Recently, a Simi Valley man was arrested after chasing another person with a knife. During the course of the arrest, the arresting officer was injured. Currently, the defendant faces two charges – assault with a deadly weapon and battery on a police officer.  Both charges are felonies.

California law provides penalties for persons who direct physical actions against police officers and firefighters. These laws are defined under the California Penal Code Sections 242 and 243, which describe the crime of battery.  By itself, battery does not have to involve force or violence, and can be classified as either simple or aggravated.

The definition of battery involves the “unwanted or unjustified touching of another person.” The act does not have to produce any injury to the victim. Battery charges are often coupled with assault charges, but the law recognizes assault and battery as two different crimes.  So what is an assault? An assault is a deliberate attempt to inflict injury upon another person.

Simple battery is an act that does not produce any significant injury to the victim. This is often charged as a misdemeanor and a conviction can result in a 6-month jail sentence, a fine of up to $2,000 or both. Aggravated battery is an act that produces either a more serious injury to the victim, or is directed toward certain protected individuals, including police officers, firefighters or medical professionals, like doctors and nurses. Aggravated battery can be charged as a misdemeanor or a felony, depending upon the circumstances of the crime. As a misdemeanor, aggravated battery charges can lead to a longer detention in the county jail. As a felony, a convicted defendant will face incarceration in a state prison for up to four years.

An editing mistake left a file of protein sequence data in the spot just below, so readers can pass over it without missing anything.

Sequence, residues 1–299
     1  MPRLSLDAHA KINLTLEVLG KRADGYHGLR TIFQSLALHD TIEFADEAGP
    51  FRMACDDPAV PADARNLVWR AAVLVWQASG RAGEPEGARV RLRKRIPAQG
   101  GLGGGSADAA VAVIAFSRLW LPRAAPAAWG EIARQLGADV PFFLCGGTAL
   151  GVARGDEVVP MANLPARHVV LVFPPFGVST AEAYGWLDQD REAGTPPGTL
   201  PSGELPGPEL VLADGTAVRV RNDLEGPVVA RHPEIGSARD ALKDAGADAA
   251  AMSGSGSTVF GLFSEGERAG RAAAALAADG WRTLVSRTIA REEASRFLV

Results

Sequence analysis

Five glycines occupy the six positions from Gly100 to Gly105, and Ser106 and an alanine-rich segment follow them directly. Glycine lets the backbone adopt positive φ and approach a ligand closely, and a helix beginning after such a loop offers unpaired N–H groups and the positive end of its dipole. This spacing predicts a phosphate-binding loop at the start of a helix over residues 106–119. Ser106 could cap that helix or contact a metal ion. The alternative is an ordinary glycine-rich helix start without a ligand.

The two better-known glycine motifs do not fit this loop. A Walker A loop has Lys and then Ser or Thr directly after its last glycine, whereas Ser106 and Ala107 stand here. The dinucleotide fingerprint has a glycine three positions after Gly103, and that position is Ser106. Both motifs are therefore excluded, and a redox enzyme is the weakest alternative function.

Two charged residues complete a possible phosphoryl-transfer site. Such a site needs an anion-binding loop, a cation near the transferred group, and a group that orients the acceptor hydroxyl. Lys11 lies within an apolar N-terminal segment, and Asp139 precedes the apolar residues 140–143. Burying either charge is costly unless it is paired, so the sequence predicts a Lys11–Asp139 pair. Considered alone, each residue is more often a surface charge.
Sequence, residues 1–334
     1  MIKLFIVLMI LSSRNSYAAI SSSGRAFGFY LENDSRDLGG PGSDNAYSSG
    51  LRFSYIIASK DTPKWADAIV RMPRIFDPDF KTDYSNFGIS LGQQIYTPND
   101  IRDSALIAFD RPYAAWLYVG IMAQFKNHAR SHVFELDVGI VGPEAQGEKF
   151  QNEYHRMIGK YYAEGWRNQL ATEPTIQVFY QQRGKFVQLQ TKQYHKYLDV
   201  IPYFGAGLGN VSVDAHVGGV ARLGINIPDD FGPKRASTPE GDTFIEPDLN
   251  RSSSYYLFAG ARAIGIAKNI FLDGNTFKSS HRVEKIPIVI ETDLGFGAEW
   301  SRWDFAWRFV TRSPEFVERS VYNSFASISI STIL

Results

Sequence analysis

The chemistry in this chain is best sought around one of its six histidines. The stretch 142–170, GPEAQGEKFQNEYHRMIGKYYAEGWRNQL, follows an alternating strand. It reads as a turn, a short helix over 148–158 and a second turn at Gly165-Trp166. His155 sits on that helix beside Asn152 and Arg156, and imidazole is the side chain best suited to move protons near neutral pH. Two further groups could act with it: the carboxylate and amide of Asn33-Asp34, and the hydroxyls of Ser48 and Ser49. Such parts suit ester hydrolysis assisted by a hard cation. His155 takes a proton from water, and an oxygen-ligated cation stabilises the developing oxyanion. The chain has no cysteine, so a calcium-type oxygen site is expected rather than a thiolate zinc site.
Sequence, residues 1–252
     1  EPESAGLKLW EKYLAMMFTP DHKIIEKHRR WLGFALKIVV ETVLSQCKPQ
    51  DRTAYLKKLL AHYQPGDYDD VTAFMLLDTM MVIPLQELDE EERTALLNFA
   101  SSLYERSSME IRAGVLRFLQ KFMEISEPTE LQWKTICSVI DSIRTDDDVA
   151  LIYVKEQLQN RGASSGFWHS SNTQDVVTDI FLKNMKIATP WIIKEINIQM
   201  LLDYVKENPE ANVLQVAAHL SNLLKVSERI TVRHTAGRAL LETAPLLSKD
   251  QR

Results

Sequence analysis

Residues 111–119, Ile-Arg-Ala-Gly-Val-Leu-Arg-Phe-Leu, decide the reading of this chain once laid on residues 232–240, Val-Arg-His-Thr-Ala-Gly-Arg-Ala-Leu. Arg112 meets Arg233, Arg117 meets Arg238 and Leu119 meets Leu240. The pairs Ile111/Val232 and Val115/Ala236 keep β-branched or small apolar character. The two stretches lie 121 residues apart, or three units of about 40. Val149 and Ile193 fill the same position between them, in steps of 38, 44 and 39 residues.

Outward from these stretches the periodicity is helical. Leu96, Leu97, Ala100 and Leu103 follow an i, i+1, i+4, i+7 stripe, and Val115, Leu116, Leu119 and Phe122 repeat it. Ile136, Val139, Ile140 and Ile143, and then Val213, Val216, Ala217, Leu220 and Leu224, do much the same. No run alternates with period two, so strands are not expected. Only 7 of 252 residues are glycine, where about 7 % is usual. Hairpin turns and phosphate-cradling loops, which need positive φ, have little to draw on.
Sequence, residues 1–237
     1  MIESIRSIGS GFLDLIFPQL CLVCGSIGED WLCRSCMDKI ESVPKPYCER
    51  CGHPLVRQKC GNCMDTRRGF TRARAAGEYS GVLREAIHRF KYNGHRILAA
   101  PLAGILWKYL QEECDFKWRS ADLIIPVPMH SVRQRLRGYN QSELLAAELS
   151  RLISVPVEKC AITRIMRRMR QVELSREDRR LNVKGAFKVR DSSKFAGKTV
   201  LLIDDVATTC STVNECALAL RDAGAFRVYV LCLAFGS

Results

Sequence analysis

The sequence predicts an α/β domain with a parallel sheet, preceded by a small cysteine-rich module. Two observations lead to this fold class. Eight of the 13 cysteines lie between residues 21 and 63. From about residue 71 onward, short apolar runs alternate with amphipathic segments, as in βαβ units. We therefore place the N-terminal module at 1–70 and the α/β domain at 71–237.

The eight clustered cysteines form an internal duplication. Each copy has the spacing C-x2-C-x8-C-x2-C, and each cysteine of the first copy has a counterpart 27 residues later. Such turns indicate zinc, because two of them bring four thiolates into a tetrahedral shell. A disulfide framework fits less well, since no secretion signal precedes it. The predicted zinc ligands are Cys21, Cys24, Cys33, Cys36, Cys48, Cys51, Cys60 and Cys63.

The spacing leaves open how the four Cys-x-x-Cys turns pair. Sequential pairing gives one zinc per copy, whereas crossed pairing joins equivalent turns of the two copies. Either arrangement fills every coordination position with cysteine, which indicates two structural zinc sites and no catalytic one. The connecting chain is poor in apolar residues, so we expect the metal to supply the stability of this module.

Battery on a police officer occurs when an officer (or other protected professional) is injured while performing his or her official duties. The officer does not have to be “on-duty,” just acting in his or her official capacity. These “official duties” can extend to officers working as private security guards.

The extent of the officer’s injury plays some role in how a charge of battery on a police officer is presented. A “serious bodily injury” involves a significant injury, and can range from severe cuts and broken bones to gunshot and stab wounds. These kinds of injuries are most likely to draw a felony charge, while less significant injuries (like bruises and muscle strains) are more likely to be charged as misdemeanors.

Because battery on a police officer can result in a felony conviction, it is important to have the assistance of a competent criminal defense attorney. Robert M. Helfend is a criminal defense attorney in Ventura County, and has successfully defended clients facing California criminal charges for 30 years. Mr. Helfend provides aggressive criminal defense in Ventura County. For a consultation on your case involving battery on a police officer, contact the Law Offices of Robert M. Helfend toll-free at (800) 834-6434 or locally at (805) 273-5611, (310) 456-3317, or (818) 591-2809. Robert M. Helfend is an experienced criminal defense attorney who can help you!

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